Hood said she noticed debris in the water and overturned boats when the tour boats got back to Phuket, and someone who got a cellphone call said there had been an earthquake that caused problems with the tides. Hood had already guessed what happened and asked if there had been a tsunami.
"We live in the Northwest; we know about these things," Hood said of the Puget Sound region getting slammed in the distant past by a tsunami caused by a massive earthquake off the coast. "They laughed and said it wasn't 'The Day After Tomorrow,'" she said, alluding to the recent weather-disaster flick.
A chaotic, surreal scene
Hundreds of people converged in the center of the island, where the tourists were repeatedly moved to higher ground as rumors swirled that a tidal wave was on its way, she said.
Everybody finally ended up at a crisis center that had been set up in Phuket Town after the tidal wave failed to appear. It was both chaotic and surreal, Hood said. "We saw some injured people, but they didn't have horrible, horrible injuries."
News of deaths was also starting to filter in by that evening, but nobody was sure how many there were or how bad the damage was. "On this side of the island, they're totally unaware of what happened on that side of the island," she said, pointing to a tourist map of Phuket.
Hood said she and her granddaughter were never physically afraid, but she conceded they were getting "kind of anxious" about their situation. "Mostly I was going nuts waiting to call home and tell my daughter [in Tacoma] we were safe."
Hood and her granddaughter lucked out later that night when they ran into the two Phuket travel agents they'd used to book their hotel and the snorkeling excursion. The agents had come looking for them specifically, Hood said. "So when they came, we both felt we had been really rescued." The agents took Hood and her granddaughter home with them that night, took them to a store for toothbrushes and toiletries, and let them use their phone to make a collect call to Tacoma.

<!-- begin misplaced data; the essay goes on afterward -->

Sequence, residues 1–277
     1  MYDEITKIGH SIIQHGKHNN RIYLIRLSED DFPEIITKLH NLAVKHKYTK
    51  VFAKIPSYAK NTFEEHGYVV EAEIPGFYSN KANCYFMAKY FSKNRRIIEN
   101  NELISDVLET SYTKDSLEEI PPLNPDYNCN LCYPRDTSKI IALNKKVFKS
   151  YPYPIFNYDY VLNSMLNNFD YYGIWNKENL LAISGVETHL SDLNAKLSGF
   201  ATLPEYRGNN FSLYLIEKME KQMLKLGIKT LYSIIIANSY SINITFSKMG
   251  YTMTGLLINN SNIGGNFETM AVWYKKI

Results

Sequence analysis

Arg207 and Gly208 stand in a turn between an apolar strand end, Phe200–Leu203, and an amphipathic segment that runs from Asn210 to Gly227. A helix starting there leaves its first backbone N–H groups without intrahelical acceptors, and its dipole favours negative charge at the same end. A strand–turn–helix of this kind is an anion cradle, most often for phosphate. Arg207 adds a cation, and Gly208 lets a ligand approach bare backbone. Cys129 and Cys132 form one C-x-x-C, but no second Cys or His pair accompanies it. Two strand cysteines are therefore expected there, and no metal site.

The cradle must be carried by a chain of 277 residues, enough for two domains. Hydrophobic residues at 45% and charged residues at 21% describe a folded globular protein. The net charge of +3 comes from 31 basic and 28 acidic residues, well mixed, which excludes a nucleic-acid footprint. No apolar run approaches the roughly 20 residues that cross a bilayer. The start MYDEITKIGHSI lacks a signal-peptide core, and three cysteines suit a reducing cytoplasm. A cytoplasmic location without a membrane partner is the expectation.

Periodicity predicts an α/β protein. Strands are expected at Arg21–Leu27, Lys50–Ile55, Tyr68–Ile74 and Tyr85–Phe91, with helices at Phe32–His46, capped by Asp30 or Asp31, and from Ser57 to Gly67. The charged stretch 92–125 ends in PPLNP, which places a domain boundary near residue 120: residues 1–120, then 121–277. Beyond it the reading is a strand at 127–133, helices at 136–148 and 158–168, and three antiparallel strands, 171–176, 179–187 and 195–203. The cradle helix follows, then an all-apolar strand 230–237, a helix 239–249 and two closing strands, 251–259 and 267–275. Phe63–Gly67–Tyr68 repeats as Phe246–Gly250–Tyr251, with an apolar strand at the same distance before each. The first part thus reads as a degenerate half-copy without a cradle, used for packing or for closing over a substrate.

The travel agents also drove them to their hotel on the other side of the island the next day. Hood said she checked out immediately and took a flight to Bangkok, where they saw a CNN report about the disaster for the first time.
The two had watched Thai TV on Phuket but couldn't understand the language, said Hood, who added that the CNN report in English helped them begin to grasp how bad the dis-aster had been in Asia.
"I don't think we really realized what had happened until we got home."
The personal aftermath
Hood said she has avoided watching the tsunami coverage on TV, and she hasn't read about it in newspapers since she got back to Seattle.
"I can't explain why not," Hood said, adding she also hasn't developed eight rolls of film taken on the trip. "It's been very confusing and emotional."
She also admits feeling a little guilty for surviving the disaster. "Why me? Why was I so lucky," Hood wonders. "It was way more of an adventure than I signed up for."
Hood and her granddaughter were interviewed at the airport when they got home by a TV crew asking about bodies, something she found disturbing. Hood also admits to being overwhelmed by all the attention she's gotten from everyone she knows.
Ironically, Hood said, she somehow doesn't really feel like a survivor - even though she escaped the fates of roughly 150,000 other people through sheer luck and circumstances. "There's a lot of what-ifs."
Still, Hood said, she's grateful for life - especially since she could have so easily lost it in the disaster. "You do not know what's going to happen in the next minute," she noted with some sadness.
Staff reporter Russ Zabel can be reached at firstname.lastname@example.org or 461-1309.